The real pearl of Kokand and one of the main historical attractions of the city is the palace of Khudoyar Khan, also popularly called "Kokand Urda".
By history is known, for a century and a half in the Kokand Khanate, more than 29 khans were replaced, but the most powerful and most memorable was Khudoyarkhan, who ascended the throne in 1845 at the age of 12.
In 1871, Khudoyar Khan built a grand palace. The majestic complex was the seventh khan's palace, and according to the khan's idea, it was supposed to surpass the previous palaces in its size and magnificent decoration, to remind of the power of the Kokand ruler.
Initially, the building was 138 meters long and 65 meters wide and was located on an area of 4 hectares. The palace is raised at a three-meter level, with a long ramp leading to the main entrance. Here, at the foot of the ramp, there used to be cast-iron and copper cannons. On the portal above the huge carved doors stands an inscription in Arabic: "The Great Seyid Muhammad Khudoyar Khan". The palace is surrounded by a beautiful carved fence. On the right side, the complex is decorated with a faceted minaret, lined with ceramics, decorated with a pattern reminiscent of the colors of Ferghana silks.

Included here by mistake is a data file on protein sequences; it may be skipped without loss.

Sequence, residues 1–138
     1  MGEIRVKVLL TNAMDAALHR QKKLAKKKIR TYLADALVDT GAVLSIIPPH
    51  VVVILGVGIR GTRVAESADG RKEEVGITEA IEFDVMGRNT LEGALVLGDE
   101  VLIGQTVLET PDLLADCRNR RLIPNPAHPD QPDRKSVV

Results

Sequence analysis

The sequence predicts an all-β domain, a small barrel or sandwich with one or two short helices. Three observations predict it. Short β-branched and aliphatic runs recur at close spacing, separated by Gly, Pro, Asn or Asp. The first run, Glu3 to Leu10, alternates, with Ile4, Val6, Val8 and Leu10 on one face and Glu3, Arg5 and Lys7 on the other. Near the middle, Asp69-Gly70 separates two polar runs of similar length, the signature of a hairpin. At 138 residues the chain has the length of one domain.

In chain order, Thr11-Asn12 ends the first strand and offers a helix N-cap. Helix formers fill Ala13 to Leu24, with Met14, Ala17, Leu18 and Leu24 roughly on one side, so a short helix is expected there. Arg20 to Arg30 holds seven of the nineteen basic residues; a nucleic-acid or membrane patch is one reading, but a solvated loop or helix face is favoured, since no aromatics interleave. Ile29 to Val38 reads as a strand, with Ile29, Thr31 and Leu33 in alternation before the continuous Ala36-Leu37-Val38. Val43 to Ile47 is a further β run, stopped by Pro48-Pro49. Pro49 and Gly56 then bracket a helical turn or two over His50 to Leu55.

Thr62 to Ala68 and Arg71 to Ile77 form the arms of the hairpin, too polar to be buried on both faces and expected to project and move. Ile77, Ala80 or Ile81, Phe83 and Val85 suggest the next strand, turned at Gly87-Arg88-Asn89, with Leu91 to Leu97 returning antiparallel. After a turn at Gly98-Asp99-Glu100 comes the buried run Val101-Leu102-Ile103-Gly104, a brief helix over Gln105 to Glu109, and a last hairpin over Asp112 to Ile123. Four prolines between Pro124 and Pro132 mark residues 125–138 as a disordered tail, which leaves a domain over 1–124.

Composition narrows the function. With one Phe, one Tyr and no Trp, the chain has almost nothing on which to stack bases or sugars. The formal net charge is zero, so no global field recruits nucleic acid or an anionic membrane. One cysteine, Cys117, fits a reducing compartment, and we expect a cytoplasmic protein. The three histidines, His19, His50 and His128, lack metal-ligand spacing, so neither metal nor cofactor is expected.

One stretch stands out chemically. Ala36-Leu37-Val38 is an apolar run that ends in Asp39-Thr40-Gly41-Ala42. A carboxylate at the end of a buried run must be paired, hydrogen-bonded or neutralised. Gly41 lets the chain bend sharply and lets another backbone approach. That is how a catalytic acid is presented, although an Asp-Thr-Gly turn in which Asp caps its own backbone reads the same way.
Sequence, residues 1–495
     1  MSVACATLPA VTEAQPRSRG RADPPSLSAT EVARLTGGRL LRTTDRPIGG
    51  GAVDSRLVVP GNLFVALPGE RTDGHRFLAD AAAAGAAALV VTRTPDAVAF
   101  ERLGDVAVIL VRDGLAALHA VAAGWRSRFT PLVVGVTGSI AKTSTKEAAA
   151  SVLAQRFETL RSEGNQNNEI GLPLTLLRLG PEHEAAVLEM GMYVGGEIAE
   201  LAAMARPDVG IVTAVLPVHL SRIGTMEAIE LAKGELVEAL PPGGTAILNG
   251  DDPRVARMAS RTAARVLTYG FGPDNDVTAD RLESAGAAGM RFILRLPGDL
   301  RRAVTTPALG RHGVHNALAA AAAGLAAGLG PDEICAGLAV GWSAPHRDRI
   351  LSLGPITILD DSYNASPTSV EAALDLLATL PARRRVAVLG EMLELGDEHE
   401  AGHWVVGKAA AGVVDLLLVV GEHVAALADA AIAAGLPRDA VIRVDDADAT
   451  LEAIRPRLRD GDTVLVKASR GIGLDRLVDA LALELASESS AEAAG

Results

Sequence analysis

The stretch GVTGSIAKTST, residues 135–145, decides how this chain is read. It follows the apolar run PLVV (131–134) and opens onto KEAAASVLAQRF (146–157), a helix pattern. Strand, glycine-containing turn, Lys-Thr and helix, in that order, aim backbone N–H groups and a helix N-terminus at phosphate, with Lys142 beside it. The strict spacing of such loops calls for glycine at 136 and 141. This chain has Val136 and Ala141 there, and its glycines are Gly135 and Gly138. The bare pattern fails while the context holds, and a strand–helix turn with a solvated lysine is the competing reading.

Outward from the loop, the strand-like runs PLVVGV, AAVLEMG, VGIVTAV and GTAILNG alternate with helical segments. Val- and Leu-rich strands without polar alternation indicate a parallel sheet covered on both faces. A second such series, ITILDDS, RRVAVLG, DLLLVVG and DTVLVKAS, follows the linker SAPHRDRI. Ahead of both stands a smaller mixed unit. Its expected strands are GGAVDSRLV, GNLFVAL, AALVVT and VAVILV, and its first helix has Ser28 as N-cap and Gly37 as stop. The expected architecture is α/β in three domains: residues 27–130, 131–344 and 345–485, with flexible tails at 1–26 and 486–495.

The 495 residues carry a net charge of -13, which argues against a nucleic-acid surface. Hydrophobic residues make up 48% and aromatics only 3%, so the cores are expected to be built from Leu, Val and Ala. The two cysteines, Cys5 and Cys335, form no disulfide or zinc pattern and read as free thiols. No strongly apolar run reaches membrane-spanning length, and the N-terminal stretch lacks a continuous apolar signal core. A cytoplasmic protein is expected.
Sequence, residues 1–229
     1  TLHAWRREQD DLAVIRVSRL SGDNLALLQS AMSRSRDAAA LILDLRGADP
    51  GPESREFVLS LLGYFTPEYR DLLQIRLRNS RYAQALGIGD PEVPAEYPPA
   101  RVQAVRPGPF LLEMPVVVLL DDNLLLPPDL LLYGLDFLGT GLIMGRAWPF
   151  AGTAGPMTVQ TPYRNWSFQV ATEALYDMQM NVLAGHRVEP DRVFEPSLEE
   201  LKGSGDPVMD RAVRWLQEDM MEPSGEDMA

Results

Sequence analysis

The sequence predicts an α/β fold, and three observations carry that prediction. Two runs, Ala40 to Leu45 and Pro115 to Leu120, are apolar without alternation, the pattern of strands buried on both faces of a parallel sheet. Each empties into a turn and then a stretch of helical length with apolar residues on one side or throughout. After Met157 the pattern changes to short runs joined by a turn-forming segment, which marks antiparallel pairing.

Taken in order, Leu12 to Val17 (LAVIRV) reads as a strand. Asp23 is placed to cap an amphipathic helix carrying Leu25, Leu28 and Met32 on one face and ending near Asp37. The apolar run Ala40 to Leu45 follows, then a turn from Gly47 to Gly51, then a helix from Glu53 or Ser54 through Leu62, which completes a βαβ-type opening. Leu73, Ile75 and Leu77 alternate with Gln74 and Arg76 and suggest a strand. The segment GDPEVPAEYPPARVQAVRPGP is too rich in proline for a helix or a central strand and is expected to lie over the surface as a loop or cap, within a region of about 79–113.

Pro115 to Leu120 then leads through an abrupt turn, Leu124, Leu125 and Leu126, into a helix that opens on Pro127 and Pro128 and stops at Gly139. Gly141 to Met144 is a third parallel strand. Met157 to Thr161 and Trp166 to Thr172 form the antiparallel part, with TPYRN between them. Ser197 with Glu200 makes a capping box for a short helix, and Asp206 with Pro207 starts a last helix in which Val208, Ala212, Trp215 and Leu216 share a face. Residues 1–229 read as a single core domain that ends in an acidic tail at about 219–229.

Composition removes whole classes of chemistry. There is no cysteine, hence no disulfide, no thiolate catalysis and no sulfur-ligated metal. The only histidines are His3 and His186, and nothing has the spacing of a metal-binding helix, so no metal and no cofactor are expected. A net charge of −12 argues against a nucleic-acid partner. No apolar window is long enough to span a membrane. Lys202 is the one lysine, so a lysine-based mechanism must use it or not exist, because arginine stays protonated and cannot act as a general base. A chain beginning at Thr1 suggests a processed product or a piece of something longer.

The best masters of the khanate and neighboring possessions were involved in the construction of the palace. The construction was supervised by the talented architect of Kokand Mir Ubaydullo. The best artisans of Rishtan, the ancient center of ceramics, were engaged in finishing works in the palace.
In the beginning, the palace had 119 rooms, which were decorated with openwork Ganch carvings and colorful ornaments. A special place was occupied by the throne room and the khan's reception room, while the treasury, the royal treasury and the military arsenal were located nearby. The rooms for his children and the private quarters of the Khan and his wives were also richly decorated. After the conquest of the Kokand Khanate by the Russian Empire, Khudoyar Khan and his family were sent to Tashkent. Most of his property was confiscated and later looted. Today, some artifacts of the Kokand Khanate can be found in several world museums. One of them, the throne of Khudoyar Khan, decorated with precious stones, is kept in the St. Petersburg Hermitage. And from the palace itself to the present day, only 2 courtyards and 19 rooms have been preserved, here is the local museum of local lore, telling about the former splendor of the powerful khanate.